Once upon a time, a humble click of a button could send a web service live. A couple of e-mails out or a post on a message board might be sufficient to draw the interest of a few early adopters.
No longer. Somehow, somewhere along the line, certain startup launches and demo days have become more like celebrity-studded movie premieres or gallery openings. We all go and gawk. We might stay. We might leave. But we’re all there for a show.
And nowhere is the shift of technology industry from mainstream culture’s periphery to its center more evident than in the story of Sean Parker and Shawn Fanning — who are debuting their much-anticipated (and more family-friendly!) version of ChatRoulette today.
More than 15 years ago, Fanning and Parker were just teenagers trolling chat rooms. “We were both hackers,” Parker said in New York today. “We were interested in computer security. The goal was some sort of miscreant behavior…. We were basically cyber criminals.”
Today, their lives are a world apart. Parker is a multi-billionaire, even factoring in Facebook’s recent declines. Their launch in a Chelsea warehouse right now has Martha Stewart in the front row and Jimmy Fallon as the MC.
“They’re the Jean Claude Van Damme and Dolph Lundgren of the Internet,” Fallon said, bringing them on-stage. Parker’s first call on Airtime during the demo was to television host and model Olivia Munn. The second was Snoop Dogg.
But the celebs didn’t save Airtime from an embarrassing five-minute stretch where the product didn’t work in demo mode (the real product hadn’t gone live yet). A call to Snoop Dogg took a few tries. When Joel McHale, a TV host came on, the product failed to work for several minutes. “Whose ass are you going to fire?” he asked Parker on-stage.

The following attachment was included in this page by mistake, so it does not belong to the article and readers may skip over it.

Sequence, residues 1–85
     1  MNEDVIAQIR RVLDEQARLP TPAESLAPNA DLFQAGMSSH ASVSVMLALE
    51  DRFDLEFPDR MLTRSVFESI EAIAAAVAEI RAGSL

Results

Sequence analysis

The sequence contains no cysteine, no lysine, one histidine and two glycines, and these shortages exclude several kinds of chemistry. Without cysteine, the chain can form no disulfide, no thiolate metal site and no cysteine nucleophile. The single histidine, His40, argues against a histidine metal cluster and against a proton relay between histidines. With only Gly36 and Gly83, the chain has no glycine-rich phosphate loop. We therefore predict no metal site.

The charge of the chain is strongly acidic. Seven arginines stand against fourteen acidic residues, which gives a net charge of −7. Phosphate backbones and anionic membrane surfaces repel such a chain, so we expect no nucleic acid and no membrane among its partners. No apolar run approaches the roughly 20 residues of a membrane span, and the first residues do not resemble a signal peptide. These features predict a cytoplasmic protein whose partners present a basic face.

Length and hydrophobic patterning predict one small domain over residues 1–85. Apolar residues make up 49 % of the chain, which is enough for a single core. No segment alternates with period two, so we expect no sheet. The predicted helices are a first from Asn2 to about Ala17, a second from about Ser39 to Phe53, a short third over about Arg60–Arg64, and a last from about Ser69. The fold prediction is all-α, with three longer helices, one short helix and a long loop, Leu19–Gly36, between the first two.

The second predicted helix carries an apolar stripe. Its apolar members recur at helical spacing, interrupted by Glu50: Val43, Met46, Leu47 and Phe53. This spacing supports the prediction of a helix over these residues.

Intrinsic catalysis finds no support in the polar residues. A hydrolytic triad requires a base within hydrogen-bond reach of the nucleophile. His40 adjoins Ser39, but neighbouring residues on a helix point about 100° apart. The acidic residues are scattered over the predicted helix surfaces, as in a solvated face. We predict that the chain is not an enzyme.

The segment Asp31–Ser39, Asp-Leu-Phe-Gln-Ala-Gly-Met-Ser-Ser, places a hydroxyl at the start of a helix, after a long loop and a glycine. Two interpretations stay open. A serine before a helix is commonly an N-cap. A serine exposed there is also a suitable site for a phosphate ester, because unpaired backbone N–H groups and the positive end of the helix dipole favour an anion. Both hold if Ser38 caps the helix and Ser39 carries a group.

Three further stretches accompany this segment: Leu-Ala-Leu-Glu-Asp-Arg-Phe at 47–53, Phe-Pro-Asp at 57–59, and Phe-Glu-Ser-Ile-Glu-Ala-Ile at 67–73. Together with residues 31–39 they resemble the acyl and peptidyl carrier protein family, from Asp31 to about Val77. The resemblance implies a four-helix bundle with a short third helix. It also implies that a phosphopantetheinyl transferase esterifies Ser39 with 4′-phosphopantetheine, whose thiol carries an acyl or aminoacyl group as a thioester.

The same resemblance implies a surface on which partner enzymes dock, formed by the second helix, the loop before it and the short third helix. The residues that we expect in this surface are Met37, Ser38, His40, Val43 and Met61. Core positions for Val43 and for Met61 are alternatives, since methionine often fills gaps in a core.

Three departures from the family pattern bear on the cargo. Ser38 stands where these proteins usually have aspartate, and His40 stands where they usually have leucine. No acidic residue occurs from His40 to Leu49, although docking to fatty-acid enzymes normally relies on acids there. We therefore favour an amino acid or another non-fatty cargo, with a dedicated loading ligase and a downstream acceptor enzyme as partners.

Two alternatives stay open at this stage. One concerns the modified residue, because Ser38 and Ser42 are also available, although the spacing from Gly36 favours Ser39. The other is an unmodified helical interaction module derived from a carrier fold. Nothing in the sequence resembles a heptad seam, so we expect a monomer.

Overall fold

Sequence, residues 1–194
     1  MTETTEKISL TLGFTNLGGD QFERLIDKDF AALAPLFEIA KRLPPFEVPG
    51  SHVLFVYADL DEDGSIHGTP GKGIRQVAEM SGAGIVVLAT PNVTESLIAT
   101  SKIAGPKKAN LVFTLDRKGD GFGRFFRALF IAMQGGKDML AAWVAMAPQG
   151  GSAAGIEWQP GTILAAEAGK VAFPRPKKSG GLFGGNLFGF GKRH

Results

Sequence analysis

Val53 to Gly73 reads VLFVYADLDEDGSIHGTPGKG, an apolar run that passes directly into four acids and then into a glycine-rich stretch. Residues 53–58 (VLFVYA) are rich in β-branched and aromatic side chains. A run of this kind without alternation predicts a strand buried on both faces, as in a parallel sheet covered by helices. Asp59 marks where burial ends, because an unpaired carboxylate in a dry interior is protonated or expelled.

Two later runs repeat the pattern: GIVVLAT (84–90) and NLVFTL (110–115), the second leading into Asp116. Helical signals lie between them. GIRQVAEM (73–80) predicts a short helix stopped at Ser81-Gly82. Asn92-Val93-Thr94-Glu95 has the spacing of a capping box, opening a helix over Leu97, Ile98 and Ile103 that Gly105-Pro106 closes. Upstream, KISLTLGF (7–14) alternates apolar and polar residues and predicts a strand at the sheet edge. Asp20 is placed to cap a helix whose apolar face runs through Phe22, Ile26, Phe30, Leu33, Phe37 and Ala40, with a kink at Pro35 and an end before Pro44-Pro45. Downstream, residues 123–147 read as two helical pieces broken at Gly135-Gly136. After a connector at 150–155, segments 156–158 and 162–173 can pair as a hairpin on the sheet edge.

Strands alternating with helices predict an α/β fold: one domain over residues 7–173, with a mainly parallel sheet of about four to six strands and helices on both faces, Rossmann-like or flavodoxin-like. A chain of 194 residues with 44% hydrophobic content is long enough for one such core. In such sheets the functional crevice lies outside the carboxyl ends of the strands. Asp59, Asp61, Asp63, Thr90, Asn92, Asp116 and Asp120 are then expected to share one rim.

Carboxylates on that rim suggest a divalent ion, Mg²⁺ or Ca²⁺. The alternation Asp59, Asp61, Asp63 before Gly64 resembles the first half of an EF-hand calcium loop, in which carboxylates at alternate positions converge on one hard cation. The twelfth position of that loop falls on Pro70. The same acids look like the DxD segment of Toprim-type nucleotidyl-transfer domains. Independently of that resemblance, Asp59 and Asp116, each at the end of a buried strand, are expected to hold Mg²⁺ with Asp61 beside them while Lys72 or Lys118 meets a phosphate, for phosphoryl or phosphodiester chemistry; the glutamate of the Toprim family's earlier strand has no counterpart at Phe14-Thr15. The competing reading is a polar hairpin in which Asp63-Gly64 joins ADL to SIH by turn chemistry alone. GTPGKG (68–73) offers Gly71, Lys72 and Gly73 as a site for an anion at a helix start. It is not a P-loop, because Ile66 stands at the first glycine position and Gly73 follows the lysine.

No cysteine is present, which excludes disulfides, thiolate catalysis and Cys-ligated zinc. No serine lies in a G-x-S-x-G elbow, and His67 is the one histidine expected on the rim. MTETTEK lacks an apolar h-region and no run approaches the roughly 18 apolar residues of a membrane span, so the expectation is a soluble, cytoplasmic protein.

“This is not how it really operates, I swear to fucking God,” Munn said. “You have to go onto it, use it and then write your blog posts.”
It eventually started working again and McHale got on a call with Seinfeld’s Julia Louis Dreyfus, who then got on a call with The Hangover’s Ed Helms, who then got on a call with Alicia Keys.
In a later call, Helms tried to dial Airtime’s headquarters in San Francisco. But they didn’t pick up. “Your own office isn’t answering?!” McHale joked to Parker. They didn’t show off the real, live mode where you’re paired with strangers.
Even though the packaging their work comes in today is far more extravagant, Airtime is still weirdly true to Parker’s and Fanning’s teenage selves. “We felt like the only people in this world who had an interest in screwing with other people’s lives,” Parker said of originally meeting Fanning.
He later said that with the loss of anonymity and the rise of Facebook’s social graph, the web has changed in a few ways for the worst. “Nothing spontaneous ever seems to happen on the Internet,” he said. “There’s no room for randomness. The social graph is actually somewhat stifling. Your ability for self-expression is actually limited when all of your friends are watching what you do.”
Airtime feels like Parker’s grown-up attempt to reach back into his miscreant past. The big question though is whether a celeb-packed launch will help Airtime have as huge a cultural impact as the humble premiere Napster had. Time will tell.
For more on Airtime, check out our coverage: